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Leaving Labor and Delivery.

LEAVING LABOR AND DELIVERY

   The light is relentless. There are no lampshades here.
   No dimmer switch. Night lives only in the sockets
   of windows. Nurses pop in and out like cuckoo
   clocks. They unwrap us and refold us. You
   in your swaddling and me in my bandages. Yes,

   I am your mummy and this is morning, this
   is afternoon, this is the long white night
   when we are basted belly-up by the constant
   whirring light. We are not ready for the dark
   you and I, we are not ready for the cold.

   We are hothouse bulbs in our bright
   incubator. In sleep you expand, my little
   loaf, and I keep bleeding between
   the feedings when the nurses flock like starched
   white cabbage moths. They prop my bubble

   wrapped torso up with pillows, peel back
   sleep's damp towel and roll you out. My milk
   is full of bees and danger, heady allergens
   smuggled within tulips beside our bed. You twitch,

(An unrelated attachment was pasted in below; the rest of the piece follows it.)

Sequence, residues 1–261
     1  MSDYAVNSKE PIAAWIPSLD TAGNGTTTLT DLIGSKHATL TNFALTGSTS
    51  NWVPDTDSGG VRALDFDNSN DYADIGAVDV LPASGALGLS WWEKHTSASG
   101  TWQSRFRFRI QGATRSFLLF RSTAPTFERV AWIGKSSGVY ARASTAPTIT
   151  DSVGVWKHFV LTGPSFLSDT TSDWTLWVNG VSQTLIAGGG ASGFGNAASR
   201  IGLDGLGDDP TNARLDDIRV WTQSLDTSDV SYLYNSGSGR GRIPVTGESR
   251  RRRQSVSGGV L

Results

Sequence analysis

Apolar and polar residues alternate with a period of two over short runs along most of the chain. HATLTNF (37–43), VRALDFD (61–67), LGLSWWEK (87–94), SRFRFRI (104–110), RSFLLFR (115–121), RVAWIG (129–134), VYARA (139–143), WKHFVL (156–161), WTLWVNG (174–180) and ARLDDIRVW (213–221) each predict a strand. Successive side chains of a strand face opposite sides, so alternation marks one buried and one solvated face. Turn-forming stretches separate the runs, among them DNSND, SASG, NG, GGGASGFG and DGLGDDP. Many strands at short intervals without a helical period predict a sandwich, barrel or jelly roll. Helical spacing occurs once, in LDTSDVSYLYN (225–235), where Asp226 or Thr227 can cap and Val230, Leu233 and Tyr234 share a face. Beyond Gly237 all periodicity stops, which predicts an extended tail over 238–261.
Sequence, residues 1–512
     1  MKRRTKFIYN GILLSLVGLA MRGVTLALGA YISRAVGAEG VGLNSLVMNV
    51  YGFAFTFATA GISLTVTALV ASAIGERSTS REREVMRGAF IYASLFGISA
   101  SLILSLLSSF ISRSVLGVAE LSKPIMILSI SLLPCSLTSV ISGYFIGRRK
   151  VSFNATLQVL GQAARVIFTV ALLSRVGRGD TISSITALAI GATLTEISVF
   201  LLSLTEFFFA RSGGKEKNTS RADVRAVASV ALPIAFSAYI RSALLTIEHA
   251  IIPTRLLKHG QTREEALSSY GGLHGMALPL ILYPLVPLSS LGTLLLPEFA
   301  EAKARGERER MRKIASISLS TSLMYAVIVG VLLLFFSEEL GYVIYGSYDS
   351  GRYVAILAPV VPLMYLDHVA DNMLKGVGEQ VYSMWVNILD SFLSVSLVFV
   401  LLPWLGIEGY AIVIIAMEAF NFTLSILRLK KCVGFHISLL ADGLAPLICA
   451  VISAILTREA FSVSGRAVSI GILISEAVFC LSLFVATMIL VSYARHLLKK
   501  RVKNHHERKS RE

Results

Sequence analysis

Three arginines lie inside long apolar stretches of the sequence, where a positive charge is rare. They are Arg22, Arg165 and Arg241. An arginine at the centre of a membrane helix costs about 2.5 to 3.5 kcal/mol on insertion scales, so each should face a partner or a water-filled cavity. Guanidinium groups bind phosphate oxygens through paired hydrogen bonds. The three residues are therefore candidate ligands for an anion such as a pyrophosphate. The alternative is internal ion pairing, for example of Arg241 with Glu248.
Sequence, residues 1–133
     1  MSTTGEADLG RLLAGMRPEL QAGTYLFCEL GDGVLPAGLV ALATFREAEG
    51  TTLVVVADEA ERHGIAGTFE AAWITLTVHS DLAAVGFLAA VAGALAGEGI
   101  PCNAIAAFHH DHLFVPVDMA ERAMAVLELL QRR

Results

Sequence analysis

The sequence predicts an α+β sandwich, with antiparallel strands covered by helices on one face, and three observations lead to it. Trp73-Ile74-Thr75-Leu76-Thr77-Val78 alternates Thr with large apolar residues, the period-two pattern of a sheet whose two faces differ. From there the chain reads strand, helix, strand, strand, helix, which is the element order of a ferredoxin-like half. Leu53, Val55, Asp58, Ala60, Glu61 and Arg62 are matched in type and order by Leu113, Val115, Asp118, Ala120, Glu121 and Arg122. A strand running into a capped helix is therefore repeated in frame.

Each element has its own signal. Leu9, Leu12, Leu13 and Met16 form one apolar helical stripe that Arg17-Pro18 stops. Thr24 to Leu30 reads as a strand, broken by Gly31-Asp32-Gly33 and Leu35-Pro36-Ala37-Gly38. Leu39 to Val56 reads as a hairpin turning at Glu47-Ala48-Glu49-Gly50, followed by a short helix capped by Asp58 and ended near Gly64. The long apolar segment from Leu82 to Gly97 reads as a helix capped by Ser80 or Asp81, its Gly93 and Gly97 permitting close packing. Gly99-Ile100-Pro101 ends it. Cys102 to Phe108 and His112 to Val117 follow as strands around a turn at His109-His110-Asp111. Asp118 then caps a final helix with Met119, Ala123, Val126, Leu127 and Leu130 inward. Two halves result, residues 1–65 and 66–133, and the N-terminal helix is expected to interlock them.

little addict, rooting toward this contraband.

   We are not ready for undigested air, for the vital
   flare of gasoline or jasmine, for sky
   greased by all-night diners and plumes
   of cigarette butts stirred from roadside
   gutters. I watch a patch of sky go blue

   then black, I watch the tarred roof bruise
   beneath the weight of pigeons. I am on a restricted
   diet. You strain the straightjacket of your swaddle.

   The nurse is merciless. She places you on my lap,
   pushes my wheelchair towards the door. Wards fl y by

   like pages in waiting room magazines.
   She parks us on the curb while your father
   gets the car. Sun slaps shut my eyes
   and for a moment there is only the imprint
   your new body makes. It re-creates the world.

Winner of the 2013 AWP Intro Journals Project in Poetry, selected by Ben Grossberg

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Article Details
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Author:Rodoni, Erin
Publication:Colorado Review: A Journal of Contemporary Literature
Article Type:Poem
Date:Jun 22, 2013
Words:303
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